The only Louisiana Indians to continuously inhabit a portion of their ancient homelands, the Chitimacha once claimed a vast area stretching from east of the Mississippi River through the Atchafalaya Basin. From the early eighteenth century, Chitimacha basketry was highly prized for its quality and complex designs and Chitimacha basketry can be found in museums throughout the world. The majority of these baskets date from the late-nineteenth to early- twentieth century, known as “the Golden Age of Native American basketry.” The intricate design motifs on Chitimacha basketry reflect iconography associated with the Southeastern Ceremonial Complex (Southern Cult) of the Mississippian Tradition (ca. A.D. 1200-1600). Unusual among southeastern basketry traditions, Chitimacha designs bear specific names. Designs like nish-tu wa-ki (alligator entrails), cous-pi si-ou (muscadine rind), tcik ka-ni (blackbird’s eyes), and tcish mish (worm track) reflect the natural world of early weavers “who first captured these impressions in cane.” Chitimacha basketry is so conservative that a basket produced at the turn of the century is indistinguishable from a similar example made today. This remarkable consistency may be attributed in part to the careful curation of heirloom pattern baskets passed down within the families of weavers.
The Tunica nation was one of the first immigrant tribes to inhabit Louisiana, settling on the west bank of the Mississippi River by ca. 1706, then later consolidating in Avoyelles Parish where they remain today. Like other strong nations, the Tunica absorbed smaller groups reduced by war and disease, including groups of Ofogoula and Biloxi. In the latter half of the twentieth century, the cane basketry tradition in this community was supplanted by basketry made of coiled pine straw.
The Alabama and Coushatta (Koasati) originated in Alabama and Georgia, but had largely migrated to Louisiana by the late eighteenth century. The Alabama eventually crossed into Texas and settled with some of the Coushatta. The majority of Coushatta eventually settled in and around Elton, Louisiana, where their tribal headquarters is located today. Coushatta weavers made both cane basketry and coiled basketry, and continue to work with both materials today; however, many weavers specialize in one material or the other. Unique to the Coushatta are the pine straw effigy baskets crafted into a wide range of animal shapes.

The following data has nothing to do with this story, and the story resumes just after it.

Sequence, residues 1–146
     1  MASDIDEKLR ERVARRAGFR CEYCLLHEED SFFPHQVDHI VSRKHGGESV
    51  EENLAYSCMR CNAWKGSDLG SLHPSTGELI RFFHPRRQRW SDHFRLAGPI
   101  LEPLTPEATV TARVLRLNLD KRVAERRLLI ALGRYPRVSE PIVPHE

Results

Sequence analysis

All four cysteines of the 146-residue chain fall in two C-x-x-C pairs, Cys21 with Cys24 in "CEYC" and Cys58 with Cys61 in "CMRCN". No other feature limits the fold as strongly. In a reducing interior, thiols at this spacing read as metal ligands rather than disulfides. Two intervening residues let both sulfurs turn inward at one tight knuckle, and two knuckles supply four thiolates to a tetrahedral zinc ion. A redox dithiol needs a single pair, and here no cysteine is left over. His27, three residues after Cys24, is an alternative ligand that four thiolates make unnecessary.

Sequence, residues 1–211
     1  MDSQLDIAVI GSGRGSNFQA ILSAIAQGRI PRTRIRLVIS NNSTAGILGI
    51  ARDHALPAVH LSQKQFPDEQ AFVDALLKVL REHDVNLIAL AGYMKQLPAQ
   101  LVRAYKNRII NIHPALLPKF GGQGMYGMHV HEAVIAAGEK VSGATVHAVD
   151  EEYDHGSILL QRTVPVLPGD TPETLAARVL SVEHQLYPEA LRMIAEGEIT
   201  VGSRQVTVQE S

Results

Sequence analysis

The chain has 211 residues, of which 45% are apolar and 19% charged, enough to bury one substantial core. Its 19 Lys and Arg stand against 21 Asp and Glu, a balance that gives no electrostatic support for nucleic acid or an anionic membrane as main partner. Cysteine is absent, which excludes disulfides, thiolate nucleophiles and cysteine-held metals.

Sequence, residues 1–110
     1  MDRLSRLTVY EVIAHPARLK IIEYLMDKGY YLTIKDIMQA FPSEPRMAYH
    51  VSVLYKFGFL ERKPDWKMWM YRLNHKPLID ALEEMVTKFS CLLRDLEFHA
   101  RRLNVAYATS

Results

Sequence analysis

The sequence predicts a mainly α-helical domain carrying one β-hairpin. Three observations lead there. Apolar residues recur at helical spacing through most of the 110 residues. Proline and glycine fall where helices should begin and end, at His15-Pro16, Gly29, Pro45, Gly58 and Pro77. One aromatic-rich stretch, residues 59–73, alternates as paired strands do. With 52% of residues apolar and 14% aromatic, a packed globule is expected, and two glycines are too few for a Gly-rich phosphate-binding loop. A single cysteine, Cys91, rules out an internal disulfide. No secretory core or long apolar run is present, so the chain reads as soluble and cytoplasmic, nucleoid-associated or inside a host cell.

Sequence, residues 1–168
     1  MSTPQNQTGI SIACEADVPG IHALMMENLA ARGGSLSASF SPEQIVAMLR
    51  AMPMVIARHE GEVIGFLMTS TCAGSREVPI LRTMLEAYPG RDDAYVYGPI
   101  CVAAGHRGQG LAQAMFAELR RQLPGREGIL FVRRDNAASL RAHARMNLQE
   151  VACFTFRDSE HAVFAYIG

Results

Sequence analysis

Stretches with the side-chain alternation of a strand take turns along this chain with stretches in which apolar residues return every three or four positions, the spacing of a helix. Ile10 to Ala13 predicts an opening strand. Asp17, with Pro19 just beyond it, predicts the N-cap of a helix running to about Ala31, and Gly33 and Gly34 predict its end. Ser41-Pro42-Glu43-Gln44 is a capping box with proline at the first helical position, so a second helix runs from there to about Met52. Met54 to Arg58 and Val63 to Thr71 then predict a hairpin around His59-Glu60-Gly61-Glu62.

Choctaw people brought their basketry traditions with them when they began to cross the Mississippi River in large numbers after Spain acquired Louisiana in 1763. Groups of Choctaw settled throughout Louisiana, including a village that was established before 1807 near Catahoula Lake. After Indian Removal in the 1830s, Choctaw from Mississippi joined or settled near this small village in what is now La Salle Parish. Jena Choctaw weavers continued to make and sell baskets until the second half of the twentieth century, but the loss of elders and women seeking work outside of home diminished the tradition. In the 1980s, however, cane basketry was brought back into the community and remains today a significant cultural tradition for the tribe.
Diverse in form, function, and material, Louisiana Indian basketry traditions remain strong signifiers of tribal culture and history and represent links in an unbroken chain that connects the ancient past to the present.
Cite This Entry
Chicago Manual of Style
Lee, Dayna Bowker. "Native American Basketry." In KnowLA Encyclopedia of Louisiana, edited by David Johnson. Louisiana Endowment for the Humanities, 2010–. Article published December 22, 2010. http://www.knowla.org/entry/830/.
Lee, Dayna Bowker. "Native American Basketry." KnowLA Encyclopedia of Louisiana. Ed. David Johnson. Louisiana Endowment for the Humanities, 22 Dec. 2010. Web. 18 Jun. 2013.